By Lauren Wise
By New Times
By Amanda Savage
By Jason P. Woodbury
By Troy Farah
By New Times
By Derek Askey
This year the kids just banged on Bill's door regardless of the fact that the trailer was dark as a cemetery. And the only exterior light on the tin home came from the silver and yellow strains of the half moon and the barren Dairy Queen sitting well-lit across the street.
Bill was drunk and crouched ineffectually on his hands and knees in front of his couch with the TV and stereo off. It was all about silence.
By no means was the darkened single-wide meant as a fright device for the little bastards who came around this night, ones dressed ornately as pimps and prostitutes and rappers and rapists. Rather, Bill's idea was to make it appear as though no one was home in hopes the bratty trolls would forgo their incessant sugar-fueled knocking and be off to irritate others in the horrible neighborhood.
His turn-off, drop-out maneuver worked well enough until two particularly persistent trick-or-treaters arrived.
"Open up, you old drunk," cried one four-footer between knocks on the door. "Open up, pervert."
Bill peeked through a rip in the drape to see two evil boys standing there in the wan light, strangely handcuffed together. The one talking was dressed in a suit and tie: horrifyingly, a lawyer.
Brave thinking in a trailer park, Bill surmised.
"C'mon, you old gin swill," yammered the bratty barrister.
"Let's go; he's probably passed out in there," the boy's friend said. "My mom says he's always drunk, day and night."
The friend wore a button-down shirt with faux guts dangling out from underneath. He had dark circles under his eyes, and he carried a Styrofoam tombstone. He was dressed as a walking dead person, a zombie.
What kind of message does Halloween send to these greedy, snot-nosed brats, Bill thought as he sat up in the dark, mouth breathing the sterile air around him and feeling the faux-wood-grain walls start to close in: that they can go and beg and get free stuff just by being cleverly dressed and coy?
It reminded Bill of everything he hates about people; how in this culture it is those with the self-promotion skills who succeed, an honor system that transcends morality. A herd mentality that breeds emotional disfigurement, illiteracy and vanity. It is a society with a built-in obsolescence, in the midst of its end, and one to which Bill says: nah.
"No, I know he's here," the first boy said, as his knocking switched to pounding. "We just have to get him up and motivated."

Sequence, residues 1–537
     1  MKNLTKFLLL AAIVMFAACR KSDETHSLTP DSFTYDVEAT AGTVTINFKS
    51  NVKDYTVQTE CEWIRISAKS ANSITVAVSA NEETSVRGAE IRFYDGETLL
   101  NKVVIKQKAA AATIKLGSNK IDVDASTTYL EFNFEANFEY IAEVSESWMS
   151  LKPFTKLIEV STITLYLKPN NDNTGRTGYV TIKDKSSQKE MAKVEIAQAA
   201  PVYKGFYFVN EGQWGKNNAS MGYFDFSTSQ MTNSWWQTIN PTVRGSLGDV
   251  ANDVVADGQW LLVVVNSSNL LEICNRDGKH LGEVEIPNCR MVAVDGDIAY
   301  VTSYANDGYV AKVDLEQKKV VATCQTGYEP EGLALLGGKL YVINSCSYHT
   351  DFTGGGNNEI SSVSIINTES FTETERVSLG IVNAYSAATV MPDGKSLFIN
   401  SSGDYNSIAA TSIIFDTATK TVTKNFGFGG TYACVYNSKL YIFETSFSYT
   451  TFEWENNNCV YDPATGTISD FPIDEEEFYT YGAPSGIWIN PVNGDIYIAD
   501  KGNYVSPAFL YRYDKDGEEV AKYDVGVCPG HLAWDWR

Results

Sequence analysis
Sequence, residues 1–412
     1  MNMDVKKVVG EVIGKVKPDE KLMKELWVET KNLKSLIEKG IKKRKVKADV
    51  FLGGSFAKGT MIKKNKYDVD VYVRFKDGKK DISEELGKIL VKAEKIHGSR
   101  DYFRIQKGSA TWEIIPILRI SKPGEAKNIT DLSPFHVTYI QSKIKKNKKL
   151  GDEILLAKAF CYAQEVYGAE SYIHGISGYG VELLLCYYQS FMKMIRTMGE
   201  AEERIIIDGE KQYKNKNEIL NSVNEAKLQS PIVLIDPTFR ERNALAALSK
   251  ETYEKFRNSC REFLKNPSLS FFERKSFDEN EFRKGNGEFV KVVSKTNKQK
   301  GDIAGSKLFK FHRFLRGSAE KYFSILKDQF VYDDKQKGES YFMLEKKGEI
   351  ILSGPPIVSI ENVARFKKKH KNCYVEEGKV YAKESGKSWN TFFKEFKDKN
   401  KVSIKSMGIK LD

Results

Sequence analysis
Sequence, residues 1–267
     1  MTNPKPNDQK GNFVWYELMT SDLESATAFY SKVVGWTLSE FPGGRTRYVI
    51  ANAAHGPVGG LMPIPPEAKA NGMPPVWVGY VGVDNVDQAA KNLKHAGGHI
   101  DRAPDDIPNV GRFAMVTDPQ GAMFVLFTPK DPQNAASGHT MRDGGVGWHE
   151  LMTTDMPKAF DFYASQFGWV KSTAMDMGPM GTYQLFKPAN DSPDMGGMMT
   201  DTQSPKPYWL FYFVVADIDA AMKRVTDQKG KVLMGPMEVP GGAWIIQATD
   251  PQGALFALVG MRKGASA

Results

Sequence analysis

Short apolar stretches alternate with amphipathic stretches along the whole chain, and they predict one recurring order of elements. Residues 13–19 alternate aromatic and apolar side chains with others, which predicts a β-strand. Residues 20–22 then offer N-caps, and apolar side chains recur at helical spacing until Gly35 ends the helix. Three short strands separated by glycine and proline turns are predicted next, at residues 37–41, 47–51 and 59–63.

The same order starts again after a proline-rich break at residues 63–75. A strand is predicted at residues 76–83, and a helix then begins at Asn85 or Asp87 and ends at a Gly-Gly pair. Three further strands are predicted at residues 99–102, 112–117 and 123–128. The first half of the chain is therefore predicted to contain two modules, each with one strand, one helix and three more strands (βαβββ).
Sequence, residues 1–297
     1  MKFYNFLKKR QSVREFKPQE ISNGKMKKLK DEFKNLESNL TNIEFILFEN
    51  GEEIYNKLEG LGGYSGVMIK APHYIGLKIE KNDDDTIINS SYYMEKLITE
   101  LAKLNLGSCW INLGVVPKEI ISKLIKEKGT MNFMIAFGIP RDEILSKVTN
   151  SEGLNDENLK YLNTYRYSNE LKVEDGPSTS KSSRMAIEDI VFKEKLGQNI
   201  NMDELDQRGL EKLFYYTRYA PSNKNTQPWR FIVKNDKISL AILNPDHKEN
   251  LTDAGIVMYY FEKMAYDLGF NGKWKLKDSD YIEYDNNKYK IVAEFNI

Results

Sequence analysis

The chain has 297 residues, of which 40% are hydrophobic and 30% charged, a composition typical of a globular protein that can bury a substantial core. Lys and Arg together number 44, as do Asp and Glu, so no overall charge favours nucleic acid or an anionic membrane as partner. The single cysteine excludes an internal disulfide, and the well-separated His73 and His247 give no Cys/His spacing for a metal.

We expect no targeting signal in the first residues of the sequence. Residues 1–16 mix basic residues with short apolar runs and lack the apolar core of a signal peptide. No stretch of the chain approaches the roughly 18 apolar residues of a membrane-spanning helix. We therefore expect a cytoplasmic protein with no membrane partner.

Bill had had it with the night, which to him was just a colorful imitation of real life anyway. All Souls' Day, indeed.
With a crack of the knees, Bill got up off the mauve shag and found the light switch. He flicked it on, and the light signaled an eager voice from outside the door, "He's in there, I knew it."
Bill moved to a pile of CDs stacked on the floor up against the back wall. He dug around until he found the Alice Cooper magnum opus Billion Dollar Babies. He pulled it out, opened it, and plopped the disc into the CD boom box and hit track 10. He then pressed the repeat button and turned the volume nob far to the right.
"I love the dead before they rise/No farewells, no goodbyes . . . ," sang Alice on the pre-eminent anti-yup anthem. "I never knew your rotting face/While friends and lovers mourn your silly grave."
Bill, amused with himself, smirked and moved to the refrigerator. He opened it, grabbed two canned beers from a fresh 12-pack and slammed the icebox shut. He stepped toward the front door, opened it and confronted the lawyer handcuffed to the zombie. The two boys took a step back.
"Easy, now," said the kid lawyer.
With a swift Wagnerian swish of the arms, Bill simultaneously dropped a beer into each of the boys' bags and said, wide-eyed, "This is my enlightenment, brats, now get the fuck outta my life."
The boys, having not yet succumbed to adult pretense, looked up. The kid lawyer said, "Shit, man, thanks, dude."
"I love the dead before they're cold," sang Alice as Bill closed the door and waited for the next innocent ones.
Hard to Swallow
Halloween, 1967, Robert Van Winkle slithered from the womb. A little more than 20 years later he adopted a hokey streetwise persona to more effectively appropriate a black art form, raided a songbook of old glitter queens, and, quickly, albeit briefly, became the patron saint of prepubescent white kids with disposable cash in American shopping malls.
A year and 15 million albums later, "Ice, Ice, Baby" was history and Vanilla's obvious shortage of skills had rendered his job as MC Hammer's pop-chart heir apparent over with more quickly than a prostitute's hand-job on a 16-year-old's virgin boner.
In '94, Vanilla returned with a dire attempt for gangsta cred, a by-the-numbers hard-core rap romp called Mindblowin, which featured, predictably, samples from James Brown and George Clinton and was made, by Vanilla's own account, with a "mind blowing" amount of drugs. Now it is Halloween '98, and this week sees the release of Vanilla's latest opus, unironically titled Hard to Swallow, a calculated grab for the disposable cash of the family-valued children of the Korn.